Program Manager vs Project Manager

Program manager and project manager: the titles of these two positions sound so similar that the roles themselves must also be a lot alike, correct? Nope! While it’s true that some of the responsibilities that these two professionals are tasked with are similar, there are very distinct differences between these positions. 

Whether you’re thinking about becoming a program manager or project manager for your future career or you just want to find out how these two positions can improve their relations, knowing the differences and similarities between the two roles is crucial. 

Similarities and Differences Between Projects and Programs 

Before we jump in and discuss the similarities and differences between project managers and program managers, it’s first important to take a moment to understand the difference between what it is that these professionals will be managing. 

Essentially, projects are temporary, one-off tasks or activities. Typically, projects are obliged by four key elements: cost, budget, resources, and time restrictions. They have very clearly defined end dates and the objectives are short-term, and the result in demonstrable deliverables or outcomes. 

Programs, on the other hand, are comprised of a collection of projects that are interconnected. The projects that make up a program complement and build off of one another in order, each one leading to a bigger, longer-term objectives for a business. When implemented successfully, a program will drive definitive benefits and growth for an organization, as opposed to the single, demonstrable outcome or deliverable that a project gives way to . 

To illustrate, a firm’s objective is to convert more CIOs, and in order to achieve that goal, a marketing team may be asked to develop a program that focuses on demand generation that will drive CIO interest and conversion. A collection of projects, such as developing an eBook that’s focused on CIO, and hosting a webinar that is focused on CIO, may be involved in the greater program.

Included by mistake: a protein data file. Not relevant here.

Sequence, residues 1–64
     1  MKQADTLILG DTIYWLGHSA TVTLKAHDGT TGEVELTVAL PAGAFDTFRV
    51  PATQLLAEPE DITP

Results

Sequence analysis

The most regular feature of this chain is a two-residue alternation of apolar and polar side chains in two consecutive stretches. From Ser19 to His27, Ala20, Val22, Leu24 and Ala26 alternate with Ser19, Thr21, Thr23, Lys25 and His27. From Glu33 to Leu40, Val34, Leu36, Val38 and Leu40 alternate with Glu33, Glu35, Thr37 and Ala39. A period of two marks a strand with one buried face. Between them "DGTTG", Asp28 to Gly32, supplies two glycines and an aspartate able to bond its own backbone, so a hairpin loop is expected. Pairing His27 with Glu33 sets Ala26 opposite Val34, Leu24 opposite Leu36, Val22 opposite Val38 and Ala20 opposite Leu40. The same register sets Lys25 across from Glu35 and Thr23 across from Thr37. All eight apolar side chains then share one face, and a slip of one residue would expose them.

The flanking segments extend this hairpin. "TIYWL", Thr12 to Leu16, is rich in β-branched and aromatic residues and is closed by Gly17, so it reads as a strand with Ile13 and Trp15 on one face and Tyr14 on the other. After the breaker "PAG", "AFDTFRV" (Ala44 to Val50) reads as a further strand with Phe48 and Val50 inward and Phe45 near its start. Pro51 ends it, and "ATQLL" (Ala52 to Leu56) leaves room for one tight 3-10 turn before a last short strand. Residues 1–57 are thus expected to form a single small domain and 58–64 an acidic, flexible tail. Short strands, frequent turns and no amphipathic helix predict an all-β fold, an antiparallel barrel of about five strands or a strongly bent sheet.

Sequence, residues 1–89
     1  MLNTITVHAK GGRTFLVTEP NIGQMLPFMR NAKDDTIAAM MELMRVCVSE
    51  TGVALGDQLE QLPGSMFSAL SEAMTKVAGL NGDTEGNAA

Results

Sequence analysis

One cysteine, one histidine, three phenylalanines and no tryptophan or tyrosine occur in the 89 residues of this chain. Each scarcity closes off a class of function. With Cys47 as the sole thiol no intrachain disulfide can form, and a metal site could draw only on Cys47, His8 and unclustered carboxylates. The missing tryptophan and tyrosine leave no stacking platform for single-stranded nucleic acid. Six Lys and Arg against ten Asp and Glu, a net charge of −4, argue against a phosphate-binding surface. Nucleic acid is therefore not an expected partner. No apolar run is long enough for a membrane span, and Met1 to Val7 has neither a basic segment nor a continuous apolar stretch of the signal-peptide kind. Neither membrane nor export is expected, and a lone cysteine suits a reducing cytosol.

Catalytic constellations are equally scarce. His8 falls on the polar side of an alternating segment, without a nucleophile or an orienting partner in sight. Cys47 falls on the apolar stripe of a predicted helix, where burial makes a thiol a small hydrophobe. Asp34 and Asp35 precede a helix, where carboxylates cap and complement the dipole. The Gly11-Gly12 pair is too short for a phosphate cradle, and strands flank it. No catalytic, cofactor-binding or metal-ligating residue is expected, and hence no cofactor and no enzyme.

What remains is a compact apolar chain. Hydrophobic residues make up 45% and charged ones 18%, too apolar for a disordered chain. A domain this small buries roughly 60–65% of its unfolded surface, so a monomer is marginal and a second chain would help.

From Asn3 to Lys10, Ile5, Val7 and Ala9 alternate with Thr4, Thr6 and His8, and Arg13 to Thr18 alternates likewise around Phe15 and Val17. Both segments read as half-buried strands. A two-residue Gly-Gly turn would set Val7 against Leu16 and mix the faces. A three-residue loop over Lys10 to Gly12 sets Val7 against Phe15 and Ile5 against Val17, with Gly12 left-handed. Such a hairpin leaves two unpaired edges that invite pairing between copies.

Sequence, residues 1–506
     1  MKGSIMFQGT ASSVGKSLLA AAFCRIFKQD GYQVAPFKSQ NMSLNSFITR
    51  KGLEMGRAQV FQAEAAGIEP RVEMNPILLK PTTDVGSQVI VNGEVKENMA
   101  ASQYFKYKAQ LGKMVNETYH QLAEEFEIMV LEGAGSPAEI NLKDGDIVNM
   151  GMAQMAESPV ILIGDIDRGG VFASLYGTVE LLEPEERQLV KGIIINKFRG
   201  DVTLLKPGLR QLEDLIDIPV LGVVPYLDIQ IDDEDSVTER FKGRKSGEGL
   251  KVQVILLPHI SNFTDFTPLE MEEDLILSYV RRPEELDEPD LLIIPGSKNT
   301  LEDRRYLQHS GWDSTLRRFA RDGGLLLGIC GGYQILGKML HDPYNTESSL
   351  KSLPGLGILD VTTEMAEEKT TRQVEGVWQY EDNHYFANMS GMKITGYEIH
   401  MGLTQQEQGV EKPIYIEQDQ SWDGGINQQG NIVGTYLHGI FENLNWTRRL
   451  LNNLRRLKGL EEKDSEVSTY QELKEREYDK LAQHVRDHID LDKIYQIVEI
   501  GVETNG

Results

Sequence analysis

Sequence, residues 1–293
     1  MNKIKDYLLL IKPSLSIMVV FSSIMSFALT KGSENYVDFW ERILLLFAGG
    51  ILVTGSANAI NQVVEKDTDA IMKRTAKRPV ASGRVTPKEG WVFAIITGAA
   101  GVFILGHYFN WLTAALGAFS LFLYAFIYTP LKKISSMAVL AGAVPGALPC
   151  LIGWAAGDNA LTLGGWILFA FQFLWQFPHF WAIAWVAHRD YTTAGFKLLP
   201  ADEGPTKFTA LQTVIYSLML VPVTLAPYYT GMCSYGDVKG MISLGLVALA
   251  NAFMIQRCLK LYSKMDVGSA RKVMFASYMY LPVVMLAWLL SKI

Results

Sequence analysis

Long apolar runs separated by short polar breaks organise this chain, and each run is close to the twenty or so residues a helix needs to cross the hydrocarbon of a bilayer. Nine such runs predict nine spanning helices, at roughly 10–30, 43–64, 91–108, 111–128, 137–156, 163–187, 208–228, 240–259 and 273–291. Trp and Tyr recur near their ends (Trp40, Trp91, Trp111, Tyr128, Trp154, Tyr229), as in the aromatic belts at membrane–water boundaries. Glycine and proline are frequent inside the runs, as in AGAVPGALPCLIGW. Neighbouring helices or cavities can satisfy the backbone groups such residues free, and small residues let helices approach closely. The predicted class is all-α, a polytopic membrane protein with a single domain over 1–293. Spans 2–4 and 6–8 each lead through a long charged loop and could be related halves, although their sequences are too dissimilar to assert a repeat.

Okay, so now that you know the difference between a project and a program, let’s take a look at the differences – and similarities – between a project manager and a program manager. 

Program Manager Defined

A program manager is a professional that clearly conveys the strategy and objectives of a program, and analyzes and assesses what impact the program will have on a business. A program manager is responsible for defining and overseeing a list of interdependent projects that will help direct the program reach its final objectives. 

A program manager can be equated to an architect who imagines and draws up a blueprint for a building. Though the architect doesn’t install electrical wiring, plumbing, flooring, or drywall, this professional does ensure that all of these crucial elements join together to create a functional, sturdy, and aesthetically pleasing house. When thought of in this regard, a program manager’s responsibilities go beyond the finalization of individual projects to the ultimate outcome of the entire program. 

A program manager is tasked with a number of big picture responsibilities, some of which include: 

  • Selecting and enlisting team members
  • Developing and implementing strategies
  • Calculating return on investment